However, instead of the expected introduction of the mandatory wearing of FFP2 masks, the authorities are introducing a softer requirement. Medical masks are usually cheaper than FFP2 masks.
"We are expanding the duty to wear medical masks, namely OP masks, as well as FFP2, K95, N95 masks, to provide better protection [against COVID-19]. This applies to shops and public transport, and in general to situations where prolonged contacts occur," Merkel said after a meeting with the heads of German regions.
Earlier in the day, the chancellor announced that the country will extend and strengthen the coronavirus-related restrictive measures until February 14.
"Today we held talks again and agreed to introduce new measures... We are doing this as a precautionary measure for the sake of citizens' health, as well as for the sake of the economy and labor market," Merkel said.
"We agreed that all measures that were scheduled until January 31 should be extended until February 14," she said.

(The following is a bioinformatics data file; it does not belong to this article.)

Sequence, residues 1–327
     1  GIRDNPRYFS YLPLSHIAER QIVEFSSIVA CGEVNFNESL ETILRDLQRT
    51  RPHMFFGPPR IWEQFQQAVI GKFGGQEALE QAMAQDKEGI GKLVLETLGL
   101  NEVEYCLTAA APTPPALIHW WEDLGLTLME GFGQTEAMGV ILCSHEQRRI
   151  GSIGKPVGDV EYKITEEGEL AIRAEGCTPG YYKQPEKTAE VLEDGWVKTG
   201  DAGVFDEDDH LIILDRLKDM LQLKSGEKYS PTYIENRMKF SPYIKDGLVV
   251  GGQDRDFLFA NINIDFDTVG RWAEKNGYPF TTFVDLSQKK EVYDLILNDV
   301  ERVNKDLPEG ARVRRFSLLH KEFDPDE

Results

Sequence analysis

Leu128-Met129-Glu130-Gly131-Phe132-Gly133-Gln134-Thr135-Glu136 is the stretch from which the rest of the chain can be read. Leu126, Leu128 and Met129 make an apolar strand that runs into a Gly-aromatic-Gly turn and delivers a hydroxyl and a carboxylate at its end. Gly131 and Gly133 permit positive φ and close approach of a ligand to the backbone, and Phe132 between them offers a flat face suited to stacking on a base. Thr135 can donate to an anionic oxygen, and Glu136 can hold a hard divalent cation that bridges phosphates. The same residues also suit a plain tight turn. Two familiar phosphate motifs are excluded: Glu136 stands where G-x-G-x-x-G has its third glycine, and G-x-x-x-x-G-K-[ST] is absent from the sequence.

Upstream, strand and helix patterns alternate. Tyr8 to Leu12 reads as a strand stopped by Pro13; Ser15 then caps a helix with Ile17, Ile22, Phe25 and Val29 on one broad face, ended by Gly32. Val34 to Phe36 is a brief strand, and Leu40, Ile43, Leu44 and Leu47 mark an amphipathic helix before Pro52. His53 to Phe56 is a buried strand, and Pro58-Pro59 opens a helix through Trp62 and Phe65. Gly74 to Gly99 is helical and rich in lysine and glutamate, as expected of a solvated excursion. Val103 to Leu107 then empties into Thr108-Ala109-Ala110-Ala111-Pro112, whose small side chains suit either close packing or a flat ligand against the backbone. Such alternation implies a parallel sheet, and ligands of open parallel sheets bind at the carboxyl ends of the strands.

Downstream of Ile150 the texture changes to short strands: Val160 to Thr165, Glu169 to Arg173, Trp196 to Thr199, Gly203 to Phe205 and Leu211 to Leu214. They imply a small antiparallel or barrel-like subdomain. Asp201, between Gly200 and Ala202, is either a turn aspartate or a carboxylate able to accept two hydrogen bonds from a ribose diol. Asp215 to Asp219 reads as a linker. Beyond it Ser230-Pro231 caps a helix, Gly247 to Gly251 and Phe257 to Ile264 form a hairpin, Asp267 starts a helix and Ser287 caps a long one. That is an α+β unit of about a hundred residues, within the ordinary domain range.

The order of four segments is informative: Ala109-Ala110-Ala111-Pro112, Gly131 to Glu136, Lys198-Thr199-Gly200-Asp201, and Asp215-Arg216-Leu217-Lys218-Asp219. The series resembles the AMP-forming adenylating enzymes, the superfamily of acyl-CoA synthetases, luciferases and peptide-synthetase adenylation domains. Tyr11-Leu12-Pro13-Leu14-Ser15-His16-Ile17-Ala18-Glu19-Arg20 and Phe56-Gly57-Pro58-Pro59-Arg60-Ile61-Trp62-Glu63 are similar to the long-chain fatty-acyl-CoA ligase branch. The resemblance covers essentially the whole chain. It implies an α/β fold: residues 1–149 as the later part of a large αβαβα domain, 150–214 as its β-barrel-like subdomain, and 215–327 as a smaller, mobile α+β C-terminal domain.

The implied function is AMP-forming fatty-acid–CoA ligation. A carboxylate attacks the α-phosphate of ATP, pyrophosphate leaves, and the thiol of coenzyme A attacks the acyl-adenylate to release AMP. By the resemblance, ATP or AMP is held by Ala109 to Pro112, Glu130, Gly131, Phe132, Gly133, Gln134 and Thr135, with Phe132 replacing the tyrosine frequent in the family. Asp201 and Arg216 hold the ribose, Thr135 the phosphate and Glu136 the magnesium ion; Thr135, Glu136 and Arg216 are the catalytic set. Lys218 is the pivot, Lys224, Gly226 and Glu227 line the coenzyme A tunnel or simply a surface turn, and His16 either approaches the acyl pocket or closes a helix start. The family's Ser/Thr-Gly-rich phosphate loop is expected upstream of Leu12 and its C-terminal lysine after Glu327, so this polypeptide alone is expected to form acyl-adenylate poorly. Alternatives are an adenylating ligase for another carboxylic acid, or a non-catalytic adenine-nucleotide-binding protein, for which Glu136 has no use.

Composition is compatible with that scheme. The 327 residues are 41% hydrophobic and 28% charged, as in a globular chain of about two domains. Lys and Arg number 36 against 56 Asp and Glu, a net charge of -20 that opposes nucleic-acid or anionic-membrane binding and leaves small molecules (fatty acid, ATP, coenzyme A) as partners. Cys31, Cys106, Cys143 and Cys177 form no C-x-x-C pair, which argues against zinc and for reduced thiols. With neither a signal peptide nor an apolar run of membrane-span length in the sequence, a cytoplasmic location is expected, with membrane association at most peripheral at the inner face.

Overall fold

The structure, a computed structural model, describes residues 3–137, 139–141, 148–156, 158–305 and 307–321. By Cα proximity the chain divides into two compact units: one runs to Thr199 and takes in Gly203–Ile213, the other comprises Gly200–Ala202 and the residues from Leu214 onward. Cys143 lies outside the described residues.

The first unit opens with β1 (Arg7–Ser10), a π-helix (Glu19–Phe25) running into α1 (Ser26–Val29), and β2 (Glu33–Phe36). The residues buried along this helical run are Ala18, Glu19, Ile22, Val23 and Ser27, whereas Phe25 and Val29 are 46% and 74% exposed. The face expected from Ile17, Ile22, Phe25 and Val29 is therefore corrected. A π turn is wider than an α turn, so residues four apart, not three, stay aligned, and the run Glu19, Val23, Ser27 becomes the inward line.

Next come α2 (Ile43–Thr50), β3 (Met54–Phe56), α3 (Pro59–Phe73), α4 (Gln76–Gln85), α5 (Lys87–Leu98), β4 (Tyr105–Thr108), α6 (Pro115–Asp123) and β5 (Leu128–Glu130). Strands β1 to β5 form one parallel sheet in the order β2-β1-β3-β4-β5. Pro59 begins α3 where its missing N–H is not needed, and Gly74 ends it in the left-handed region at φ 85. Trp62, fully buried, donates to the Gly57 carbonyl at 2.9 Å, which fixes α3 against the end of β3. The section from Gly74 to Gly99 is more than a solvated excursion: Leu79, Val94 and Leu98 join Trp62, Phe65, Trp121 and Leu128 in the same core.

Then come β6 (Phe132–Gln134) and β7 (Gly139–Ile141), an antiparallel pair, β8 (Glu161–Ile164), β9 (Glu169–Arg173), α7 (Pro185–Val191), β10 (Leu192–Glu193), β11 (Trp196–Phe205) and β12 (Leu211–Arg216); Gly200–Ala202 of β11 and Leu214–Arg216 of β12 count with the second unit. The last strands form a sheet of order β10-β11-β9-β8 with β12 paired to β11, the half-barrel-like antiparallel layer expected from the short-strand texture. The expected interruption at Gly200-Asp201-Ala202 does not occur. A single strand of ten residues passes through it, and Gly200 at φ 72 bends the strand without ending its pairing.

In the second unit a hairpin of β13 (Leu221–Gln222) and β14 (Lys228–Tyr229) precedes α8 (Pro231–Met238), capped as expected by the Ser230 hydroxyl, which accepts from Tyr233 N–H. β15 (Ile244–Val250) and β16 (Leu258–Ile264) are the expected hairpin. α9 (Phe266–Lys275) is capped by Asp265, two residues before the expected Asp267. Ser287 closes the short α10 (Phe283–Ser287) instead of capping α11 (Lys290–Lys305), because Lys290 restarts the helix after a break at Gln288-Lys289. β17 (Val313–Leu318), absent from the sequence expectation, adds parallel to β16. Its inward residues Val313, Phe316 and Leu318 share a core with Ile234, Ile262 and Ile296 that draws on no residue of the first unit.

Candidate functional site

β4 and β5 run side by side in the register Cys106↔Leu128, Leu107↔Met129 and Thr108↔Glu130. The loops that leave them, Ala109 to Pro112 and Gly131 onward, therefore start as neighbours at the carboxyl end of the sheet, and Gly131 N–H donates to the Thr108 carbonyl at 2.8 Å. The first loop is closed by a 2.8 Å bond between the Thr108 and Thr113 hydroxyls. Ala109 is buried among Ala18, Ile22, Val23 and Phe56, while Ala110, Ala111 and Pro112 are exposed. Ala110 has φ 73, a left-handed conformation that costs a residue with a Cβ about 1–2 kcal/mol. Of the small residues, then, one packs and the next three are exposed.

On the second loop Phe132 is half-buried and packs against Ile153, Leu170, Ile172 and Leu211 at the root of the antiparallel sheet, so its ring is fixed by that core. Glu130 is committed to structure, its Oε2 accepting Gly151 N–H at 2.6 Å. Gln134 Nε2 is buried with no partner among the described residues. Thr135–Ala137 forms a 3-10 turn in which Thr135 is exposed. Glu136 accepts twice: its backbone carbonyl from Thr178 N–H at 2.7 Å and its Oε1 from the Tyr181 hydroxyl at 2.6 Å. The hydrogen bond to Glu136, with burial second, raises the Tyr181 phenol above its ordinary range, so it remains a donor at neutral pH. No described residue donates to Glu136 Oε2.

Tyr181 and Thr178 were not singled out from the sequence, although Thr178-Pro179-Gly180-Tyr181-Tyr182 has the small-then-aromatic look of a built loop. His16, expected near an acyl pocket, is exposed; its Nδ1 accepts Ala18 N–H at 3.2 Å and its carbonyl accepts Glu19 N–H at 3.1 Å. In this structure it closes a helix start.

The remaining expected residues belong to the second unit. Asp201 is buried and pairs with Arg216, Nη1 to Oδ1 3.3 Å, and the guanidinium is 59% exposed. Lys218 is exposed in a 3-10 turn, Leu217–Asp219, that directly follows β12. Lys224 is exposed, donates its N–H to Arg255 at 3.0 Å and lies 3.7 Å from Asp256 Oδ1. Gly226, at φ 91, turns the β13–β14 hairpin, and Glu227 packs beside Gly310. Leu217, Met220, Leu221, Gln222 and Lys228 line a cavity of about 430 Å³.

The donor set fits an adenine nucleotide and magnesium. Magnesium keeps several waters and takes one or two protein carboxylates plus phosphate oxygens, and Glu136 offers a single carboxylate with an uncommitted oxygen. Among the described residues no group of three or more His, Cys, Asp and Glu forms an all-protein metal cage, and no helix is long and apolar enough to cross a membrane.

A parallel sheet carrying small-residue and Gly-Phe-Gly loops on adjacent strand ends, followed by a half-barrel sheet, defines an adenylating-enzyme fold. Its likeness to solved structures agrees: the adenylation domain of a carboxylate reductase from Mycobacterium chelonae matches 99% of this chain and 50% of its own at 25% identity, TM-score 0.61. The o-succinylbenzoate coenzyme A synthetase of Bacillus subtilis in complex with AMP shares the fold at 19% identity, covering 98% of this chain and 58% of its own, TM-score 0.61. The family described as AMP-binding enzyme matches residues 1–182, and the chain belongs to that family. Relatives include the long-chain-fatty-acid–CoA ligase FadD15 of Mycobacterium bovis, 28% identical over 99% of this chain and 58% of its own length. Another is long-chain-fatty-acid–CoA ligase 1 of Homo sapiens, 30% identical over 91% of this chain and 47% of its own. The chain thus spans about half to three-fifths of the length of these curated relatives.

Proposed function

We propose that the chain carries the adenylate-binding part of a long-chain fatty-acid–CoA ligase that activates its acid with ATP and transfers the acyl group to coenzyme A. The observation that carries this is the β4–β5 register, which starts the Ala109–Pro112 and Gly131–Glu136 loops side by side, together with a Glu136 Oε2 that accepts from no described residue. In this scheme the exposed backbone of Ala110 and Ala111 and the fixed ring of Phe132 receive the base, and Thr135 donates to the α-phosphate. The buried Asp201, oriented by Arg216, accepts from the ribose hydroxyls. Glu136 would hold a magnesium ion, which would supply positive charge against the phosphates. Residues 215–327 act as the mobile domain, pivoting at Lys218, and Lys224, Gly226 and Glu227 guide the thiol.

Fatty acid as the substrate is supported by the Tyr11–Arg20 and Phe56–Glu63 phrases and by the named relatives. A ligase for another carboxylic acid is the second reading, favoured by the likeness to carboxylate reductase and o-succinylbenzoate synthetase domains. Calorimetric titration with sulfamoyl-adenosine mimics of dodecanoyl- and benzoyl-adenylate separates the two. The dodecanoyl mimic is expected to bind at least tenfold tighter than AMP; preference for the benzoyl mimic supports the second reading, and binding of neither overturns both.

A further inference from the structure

Moreover, Merkel urged employers to transfer the maximum possible number of employees to remote work at least until March 15.
"We are now working in legal space, we already discussed this issue on January 5. The Ministry of Labor and Social Affairs will issue an order, initially scheduled until March 15, in line with which employers should, wherever possible, transfer employees to remote work, if possible," she said after a meeting with the heads of German regions.
The obligatory wearing of FFP2 face masks has already been adopted by Austria. Chancellor Sebastian Kurz said on Sunday that it would be needed to be worn by Austrians in public transport and shops beginning 25 January.
According to the most recent data, Germany's total count of COVID-19 cases since the start of the pandemic early last year has topped 2 million. At present, the death toll is 47,622, although some 1.7 million people have recovered.